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      Molecular epidemiology of extended-spectrum β-lactamase-, AmpC β-lactamase- and carbapenemase-producing Escherichia coli and Klebsiella pneumoniae isolated from Canadian hospitals over a 5 year period: CANWARD 2007-11.

      Journal of Antimicrobial Chemotherapy

      Adolescent, Adult, Aged, Anti-Bacterial Agents, pharmacology, Bacteria, classification, drug effects, genetics, isolation & purification, Bacterial Infections, epidemiology, microbiology, Bacterial Proteins, Canada, Child, Cross Infection, history, Drug Resistance, Multiple, Bacterial, Escherichia coli, Escherichia coli Infections, Female, Genotype, History, 21st Century, Humans, Klebsiella Infections, Klebsiella pneumoniae, Male, Microbial Sensitivity Tests, Middle Aged, Molecular Sequence Data, Young Adult, beta-Lactam Resistance, beta-Lactamases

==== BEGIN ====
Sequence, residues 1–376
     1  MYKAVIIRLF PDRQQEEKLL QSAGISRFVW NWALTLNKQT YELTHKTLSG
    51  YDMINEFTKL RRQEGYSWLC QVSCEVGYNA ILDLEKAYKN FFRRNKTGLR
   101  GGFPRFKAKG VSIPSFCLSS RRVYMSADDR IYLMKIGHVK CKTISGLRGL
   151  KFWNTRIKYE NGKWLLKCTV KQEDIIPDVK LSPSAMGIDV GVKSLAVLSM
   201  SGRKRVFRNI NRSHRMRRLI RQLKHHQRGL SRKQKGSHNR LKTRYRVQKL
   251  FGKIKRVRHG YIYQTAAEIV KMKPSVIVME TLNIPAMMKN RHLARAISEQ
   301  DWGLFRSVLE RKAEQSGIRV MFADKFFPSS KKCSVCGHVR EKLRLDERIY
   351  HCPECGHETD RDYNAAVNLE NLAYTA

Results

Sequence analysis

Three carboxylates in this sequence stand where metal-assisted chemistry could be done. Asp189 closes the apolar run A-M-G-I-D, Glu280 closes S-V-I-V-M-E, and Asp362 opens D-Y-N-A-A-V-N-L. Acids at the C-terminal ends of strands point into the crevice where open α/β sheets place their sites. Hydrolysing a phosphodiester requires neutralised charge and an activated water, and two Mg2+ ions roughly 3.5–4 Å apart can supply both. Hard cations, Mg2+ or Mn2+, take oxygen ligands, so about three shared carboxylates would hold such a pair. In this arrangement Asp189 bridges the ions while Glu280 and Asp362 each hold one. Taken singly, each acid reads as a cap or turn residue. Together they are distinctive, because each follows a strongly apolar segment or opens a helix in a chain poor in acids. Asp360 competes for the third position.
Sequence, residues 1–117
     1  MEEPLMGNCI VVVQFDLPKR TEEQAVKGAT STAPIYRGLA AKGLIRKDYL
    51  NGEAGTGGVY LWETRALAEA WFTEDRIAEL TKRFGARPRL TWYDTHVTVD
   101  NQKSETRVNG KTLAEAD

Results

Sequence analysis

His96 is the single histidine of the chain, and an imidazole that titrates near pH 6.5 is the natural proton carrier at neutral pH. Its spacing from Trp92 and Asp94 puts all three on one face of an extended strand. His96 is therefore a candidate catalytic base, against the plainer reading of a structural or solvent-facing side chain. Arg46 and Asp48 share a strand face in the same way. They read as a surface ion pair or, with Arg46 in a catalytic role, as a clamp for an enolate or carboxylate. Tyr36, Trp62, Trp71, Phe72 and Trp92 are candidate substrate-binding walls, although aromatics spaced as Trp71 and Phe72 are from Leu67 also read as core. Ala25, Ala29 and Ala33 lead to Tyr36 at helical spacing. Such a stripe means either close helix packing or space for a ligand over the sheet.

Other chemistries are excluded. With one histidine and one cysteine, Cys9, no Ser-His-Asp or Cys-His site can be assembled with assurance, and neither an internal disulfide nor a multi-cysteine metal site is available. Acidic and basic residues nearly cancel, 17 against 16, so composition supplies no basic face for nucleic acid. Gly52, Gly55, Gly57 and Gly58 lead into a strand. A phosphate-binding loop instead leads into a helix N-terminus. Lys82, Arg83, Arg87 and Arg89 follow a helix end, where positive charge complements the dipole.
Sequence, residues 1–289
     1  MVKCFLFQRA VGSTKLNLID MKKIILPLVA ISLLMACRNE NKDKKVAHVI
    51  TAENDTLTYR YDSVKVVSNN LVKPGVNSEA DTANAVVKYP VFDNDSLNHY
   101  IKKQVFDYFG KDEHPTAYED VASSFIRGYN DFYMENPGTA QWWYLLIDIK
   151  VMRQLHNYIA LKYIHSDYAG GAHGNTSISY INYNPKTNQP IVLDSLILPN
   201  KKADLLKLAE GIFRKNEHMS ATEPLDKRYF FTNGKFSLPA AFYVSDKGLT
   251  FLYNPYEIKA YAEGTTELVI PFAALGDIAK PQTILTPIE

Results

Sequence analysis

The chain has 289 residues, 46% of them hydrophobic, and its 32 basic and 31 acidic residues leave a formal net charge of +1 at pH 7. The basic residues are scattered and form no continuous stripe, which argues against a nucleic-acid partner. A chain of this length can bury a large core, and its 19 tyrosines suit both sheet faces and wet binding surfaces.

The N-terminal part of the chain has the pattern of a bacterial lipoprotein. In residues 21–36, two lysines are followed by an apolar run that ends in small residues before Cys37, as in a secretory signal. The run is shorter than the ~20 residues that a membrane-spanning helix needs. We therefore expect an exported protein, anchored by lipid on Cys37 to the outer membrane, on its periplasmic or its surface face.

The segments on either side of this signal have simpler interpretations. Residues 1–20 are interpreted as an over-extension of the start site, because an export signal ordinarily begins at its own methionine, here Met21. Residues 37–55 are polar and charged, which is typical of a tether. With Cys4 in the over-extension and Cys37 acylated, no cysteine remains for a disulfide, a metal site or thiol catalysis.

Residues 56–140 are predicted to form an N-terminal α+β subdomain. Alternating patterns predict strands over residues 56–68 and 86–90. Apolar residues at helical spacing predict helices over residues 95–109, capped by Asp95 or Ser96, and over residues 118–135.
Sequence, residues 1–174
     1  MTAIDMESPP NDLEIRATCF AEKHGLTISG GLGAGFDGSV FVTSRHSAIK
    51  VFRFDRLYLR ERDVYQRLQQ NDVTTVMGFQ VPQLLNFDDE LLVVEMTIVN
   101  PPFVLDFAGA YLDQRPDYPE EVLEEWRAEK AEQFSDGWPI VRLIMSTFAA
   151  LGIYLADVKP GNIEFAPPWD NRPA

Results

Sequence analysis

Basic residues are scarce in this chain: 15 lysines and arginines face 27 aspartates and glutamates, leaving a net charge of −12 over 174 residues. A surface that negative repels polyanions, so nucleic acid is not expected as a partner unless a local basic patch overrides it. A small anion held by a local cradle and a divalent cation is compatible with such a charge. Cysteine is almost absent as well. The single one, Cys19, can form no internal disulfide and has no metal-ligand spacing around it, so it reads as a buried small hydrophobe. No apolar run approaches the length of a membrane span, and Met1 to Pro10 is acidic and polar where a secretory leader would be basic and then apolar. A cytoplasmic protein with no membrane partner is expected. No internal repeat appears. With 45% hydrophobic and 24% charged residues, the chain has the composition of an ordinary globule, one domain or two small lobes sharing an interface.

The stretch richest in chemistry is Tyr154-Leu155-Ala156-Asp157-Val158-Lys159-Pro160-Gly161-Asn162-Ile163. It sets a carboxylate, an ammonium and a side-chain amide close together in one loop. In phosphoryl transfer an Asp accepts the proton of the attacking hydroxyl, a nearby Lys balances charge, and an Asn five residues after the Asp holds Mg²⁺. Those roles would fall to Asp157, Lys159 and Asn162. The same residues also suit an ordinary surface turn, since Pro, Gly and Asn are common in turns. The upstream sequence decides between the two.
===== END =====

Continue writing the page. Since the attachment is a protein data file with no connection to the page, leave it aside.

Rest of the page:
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          To assess the proportion of Escherichia coli and Klebsiella pneumoniae from Canadian hospitals that produce extended-spectrum β-lactamases (ESBLs), AmpC β-lactamases and carbapenemases, as well as to describe the patterns of antibiotic resistance and molecular characteristics of these organisms. Some 5451 E. coli and 1659 K. pneumoniae were collected from 2007 to 2011 inclusive as part of the ongoing CANWARD national surveillance study. Antimicrobial susceptibility testing was performed to detect putative ESBL, AmpC and carbapenemase producers, which were then further characterized by PCR and sequencing to detect resistance genes. In addition, isolates were characterized by PFGE and an allele-specific PCR to detect isolates of sequence type (ST) 131. The proportion of ESBL-producing E. coli (2007, 3.4%; 2011, 7.1%), AmpC-producing E. coli (2007, 0.7%; 2011, 2.9%) and ESBL-producing K. pneumoniae (2007, 1.5%; 2011, 4.0%) among the isolates collected increased during the study period. The majority of ESBL-producing E. coli (>95%), AmpC-producing E. coli (>97%) and ESBL-producing K. pneumoniae (>89%) remained susceptible to colistin, amikacin, ertapenem and meropenem. Isolates were generally unrelated by PFGE (<80% similarity); however, ST131 was identified among 55.8% and 28.7% (P < 0.001) of ESBL- and AmpC-producing E. coli, respectively. CTX-M-15 was the dominant genotype in both ESBL-producing E. coli (66.2%) and ESBL-producing K. pneumoniae (50.0%), while the dominant genotype in AmpC-producing E. coli was CMY-2 (55.7%). Carbapenemase production was identified in 0.04% (n = 2) of E. coli and 0.06% (n = 1) of K. pneumoniae, all of which produced KPC-3. The proportion of ESBL- and AmpC-producing E. coli and K. pneumoniae increased significantly during the study period, while the number of carbapenemase producers remained low (<1%). Compared with AmpC-producing E. coli, ESBL-producing E. coli were significantly associated with multidrug resistance and the ST131 clone.

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